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George Lowther's blog for instance. –  Siméon Jan 16 '13 at 15:07
    
Theorem 1.5. (Dambis / Dubins-Schwarz (1965)), that you xan find inside math.upatras.gr/dimitsana/thermo/grthermo/Files/… –  Paul Jan 16 '13 at 15:09
up vote 0 down vote accepted

The set of functions of class $\mathcal C^1$ on $[0,T]$ is dense into the set of continous functions on $[0,T]$. Since $t\mapsto B_t$ is continuous we have, a.s. for every $\epsilon >0$, there exists $\left ( B_t ^\epsilon\right)_{t \in \left[0,T \right] }$ of class $\mathcal C^1$, such that

$$\sup _ {t \in \left[0,T \right] } \left | B_t-B_t^\epsilon\right | < \epsilon.$$

Since we have by Itô's lemma that

$$ \int_0 ^t e^{\alpha s} ~dB_s = e^{\alpha t}B_t - \int_0 ^t B_s \alpha e^{\alpha s}ds$$

and also by integration by parts

$$ \int_0 ^t e^{\alpha s} ~dB_s ^\epsilon= e^{\alpha t}B_t ^\epsilon - \int_0 ^t B_s ^\epsilon \alpha e^{\alpha s}ds\qquad\text{a.s.}$$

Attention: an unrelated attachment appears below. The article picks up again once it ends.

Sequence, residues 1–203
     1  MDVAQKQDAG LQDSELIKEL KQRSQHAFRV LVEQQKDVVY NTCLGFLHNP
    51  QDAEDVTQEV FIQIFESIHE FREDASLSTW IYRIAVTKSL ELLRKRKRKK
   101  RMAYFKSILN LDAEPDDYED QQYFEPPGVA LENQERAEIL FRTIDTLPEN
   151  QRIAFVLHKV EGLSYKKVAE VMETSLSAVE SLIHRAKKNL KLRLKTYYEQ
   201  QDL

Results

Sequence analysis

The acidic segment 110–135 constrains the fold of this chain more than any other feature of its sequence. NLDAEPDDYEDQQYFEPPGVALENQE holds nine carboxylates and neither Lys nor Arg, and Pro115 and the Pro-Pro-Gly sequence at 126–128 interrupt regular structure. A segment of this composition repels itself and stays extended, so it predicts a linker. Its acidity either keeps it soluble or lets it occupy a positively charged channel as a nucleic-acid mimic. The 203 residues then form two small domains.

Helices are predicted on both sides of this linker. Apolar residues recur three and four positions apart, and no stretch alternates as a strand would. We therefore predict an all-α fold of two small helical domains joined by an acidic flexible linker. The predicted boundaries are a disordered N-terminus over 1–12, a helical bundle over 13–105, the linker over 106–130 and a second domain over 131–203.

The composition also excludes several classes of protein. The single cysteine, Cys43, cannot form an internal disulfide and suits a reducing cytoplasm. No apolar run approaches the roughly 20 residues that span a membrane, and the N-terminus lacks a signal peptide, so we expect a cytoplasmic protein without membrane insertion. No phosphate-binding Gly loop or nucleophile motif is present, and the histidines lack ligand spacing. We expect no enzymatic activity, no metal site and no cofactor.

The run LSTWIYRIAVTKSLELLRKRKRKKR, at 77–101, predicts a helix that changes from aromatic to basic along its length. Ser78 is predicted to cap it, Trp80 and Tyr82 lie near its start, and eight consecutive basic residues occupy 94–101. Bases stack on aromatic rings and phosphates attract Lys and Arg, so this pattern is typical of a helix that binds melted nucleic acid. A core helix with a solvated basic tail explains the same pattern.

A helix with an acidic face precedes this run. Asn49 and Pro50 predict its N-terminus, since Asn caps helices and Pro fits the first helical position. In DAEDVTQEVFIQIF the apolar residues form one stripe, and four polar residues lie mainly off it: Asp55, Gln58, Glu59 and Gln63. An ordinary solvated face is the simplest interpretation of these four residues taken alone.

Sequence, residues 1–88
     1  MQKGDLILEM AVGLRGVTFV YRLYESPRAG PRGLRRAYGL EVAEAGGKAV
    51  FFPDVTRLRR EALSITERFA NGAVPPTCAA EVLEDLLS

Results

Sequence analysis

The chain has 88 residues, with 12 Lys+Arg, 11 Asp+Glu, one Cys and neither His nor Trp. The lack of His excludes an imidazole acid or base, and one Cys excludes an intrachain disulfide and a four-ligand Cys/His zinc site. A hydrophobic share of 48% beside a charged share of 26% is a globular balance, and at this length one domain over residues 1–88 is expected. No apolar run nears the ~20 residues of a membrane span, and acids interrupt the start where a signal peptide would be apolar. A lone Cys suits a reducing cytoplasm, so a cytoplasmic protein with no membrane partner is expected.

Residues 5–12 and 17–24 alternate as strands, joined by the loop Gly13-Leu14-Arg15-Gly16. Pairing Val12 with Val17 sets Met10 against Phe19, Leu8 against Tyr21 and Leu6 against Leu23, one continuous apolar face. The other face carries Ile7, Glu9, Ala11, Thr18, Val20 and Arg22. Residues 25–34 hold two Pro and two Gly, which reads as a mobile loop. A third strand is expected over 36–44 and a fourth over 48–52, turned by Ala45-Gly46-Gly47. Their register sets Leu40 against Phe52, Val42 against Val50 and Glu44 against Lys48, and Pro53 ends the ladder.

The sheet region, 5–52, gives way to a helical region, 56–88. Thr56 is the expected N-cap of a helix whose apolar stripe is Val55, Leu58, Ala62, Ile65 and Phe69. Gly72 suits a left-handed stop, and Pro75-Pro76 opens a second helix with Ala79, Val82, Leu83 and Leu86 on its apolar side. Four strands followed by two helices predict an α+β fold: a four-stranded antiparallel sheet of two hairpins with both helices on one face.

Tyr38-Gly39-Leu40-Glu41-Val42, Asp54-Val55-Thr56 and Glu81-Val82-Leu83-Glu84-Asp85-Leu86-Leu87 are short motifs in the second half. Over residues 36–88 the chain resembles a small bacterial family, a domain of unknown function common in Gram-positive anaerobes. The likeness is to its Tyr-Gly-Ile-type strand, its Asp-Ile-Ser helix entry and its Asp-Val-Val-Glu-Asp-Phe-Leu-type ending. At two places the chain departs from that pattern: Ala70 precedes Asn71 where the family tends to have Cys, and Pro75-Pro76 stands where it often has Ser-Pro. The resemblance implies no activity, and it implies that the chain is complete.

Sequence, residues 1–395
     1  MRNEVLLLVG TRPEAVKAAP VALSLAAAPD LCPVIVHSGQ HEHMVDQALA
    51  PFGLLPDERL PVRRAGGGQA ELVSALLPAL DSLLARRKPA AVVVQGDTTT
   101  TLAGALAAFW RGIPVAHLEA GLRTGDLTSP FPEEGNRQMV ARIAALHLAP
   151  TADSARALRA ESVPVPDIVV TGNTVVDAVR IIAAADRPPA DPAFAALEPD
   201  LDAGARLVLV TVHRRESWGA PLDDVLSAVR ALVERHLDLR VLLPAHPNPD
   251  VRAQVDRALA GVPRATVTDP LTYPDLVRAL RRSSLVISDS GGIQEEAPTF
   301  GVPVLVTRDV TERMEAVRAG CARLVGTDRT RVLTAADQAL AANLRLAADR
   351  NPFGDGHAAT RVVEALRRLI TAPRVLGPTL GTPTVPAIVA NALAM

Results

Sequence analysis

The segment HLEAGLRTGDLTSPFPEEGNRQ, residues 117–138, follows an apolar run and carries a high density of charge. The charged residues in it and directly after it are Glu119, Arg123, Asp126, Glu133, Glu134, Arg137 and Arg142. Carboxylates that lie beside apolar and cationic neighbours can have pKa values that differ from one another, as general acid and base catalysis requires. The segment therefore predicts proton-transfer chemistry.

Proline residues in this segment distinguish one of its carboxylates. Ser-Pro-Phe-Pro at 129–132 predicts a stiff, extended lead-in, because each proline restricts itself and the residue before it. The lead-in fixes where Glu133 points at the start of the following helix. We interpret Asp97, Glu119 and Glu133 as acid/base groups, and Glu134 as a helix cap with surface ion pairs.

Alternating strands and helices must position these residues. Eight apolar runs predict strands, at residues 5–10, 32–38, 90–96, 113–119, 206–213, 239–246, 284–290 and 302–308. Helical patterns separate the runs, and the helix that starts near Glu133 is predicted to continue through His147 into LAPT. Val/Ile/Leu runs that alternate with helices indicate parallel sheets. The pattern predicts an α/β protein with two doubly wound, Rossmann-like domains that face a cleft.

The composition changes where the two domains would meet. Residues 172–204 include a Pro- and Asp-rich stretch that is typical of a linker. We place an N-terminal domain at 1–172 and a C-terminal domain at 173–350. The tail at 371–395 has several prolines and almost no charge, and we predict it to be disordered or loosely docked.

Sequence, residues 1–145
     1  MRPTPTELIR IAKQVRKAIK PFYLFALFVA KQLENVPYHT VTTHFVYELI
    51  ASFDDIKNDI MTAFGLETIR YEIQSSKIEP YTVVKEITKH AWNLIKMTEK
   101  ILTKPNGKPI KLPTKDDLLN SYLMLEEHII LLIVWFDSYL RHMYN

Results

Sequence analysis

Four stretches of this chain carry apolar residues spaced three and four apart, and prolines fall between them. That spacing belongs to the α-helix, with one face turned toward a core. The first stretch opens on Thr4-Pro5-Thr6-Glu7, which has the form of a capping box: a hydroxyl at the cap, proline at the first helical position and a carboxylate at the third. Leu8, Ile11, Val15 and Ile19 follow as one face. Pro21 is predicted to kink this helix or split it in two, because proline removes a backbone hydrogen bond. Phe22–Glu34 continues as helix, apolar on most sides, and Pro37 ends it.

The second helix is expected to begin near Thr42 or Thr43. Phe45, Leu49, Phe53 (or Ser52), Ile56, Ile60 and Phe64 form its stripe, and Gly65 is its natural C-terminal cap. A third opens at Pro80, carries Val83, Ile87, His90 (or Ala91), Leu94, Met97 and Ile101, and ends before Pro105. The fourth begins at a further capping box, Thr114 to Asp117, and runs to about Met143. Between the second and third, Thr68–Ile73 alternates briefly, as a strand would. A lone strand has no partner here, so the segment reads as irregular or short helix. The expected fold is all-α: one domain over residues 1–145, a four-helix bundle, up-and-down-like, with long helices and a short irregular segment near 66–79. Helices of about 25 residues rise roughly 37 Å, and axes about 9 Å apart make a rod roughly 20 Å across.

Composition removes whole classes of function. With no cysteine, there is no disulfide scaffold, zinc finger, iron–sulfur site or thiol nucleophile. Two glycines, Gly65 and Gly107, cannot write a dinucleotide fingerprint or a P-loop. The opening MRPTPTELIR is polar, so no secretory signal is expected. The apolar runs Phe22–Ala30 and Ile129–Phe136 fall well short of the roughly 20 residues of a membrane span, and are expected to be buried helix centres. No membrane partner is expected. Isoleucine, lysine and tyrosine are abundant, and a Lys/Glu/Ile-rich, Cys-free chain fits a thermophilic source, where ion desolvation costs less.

this shows that

\begin{align} \left |\int_0 ^t e^{\alpha s} ~dB_s - \int_0 ^t e^{\alpha s} ~dB_s ^\epsilon\right| &=\left | e^{\alpha t}B_t -e^{\alpha t}B_t ^\epsilon - \int_0 ^t B_s \alpha e^{\alpha s}ds + \int_0 ^t B_s ^\epsilon \alpha e^{\alpha s}ds\right| \\ &\leq e^{\alpha t}\left |B_t -B_t ^\epsilon\right| + \int_0 ^t \alpha e^{\alpha s}\left|B_t -B_t ^\epsilon\right|ds \\ &\leq \epsilon e^{\alpha t} + \epsilon \int_0 ^t \alpha e^{\alpha s} ds \leq 2\epsilon e^{\alpha t}\qquad\text{a.s.}\end{align}

so $$\left |e^{-\alpha t}\int_0 ^t e^{\alpha s} ~dB_s - e^{-\alpha t}\int_0 ^t e^{\alpha s} ~dB_s ^\epsilon\right| \leq 2\epsilon\qquad\text{a.s.} $$

Furthermore,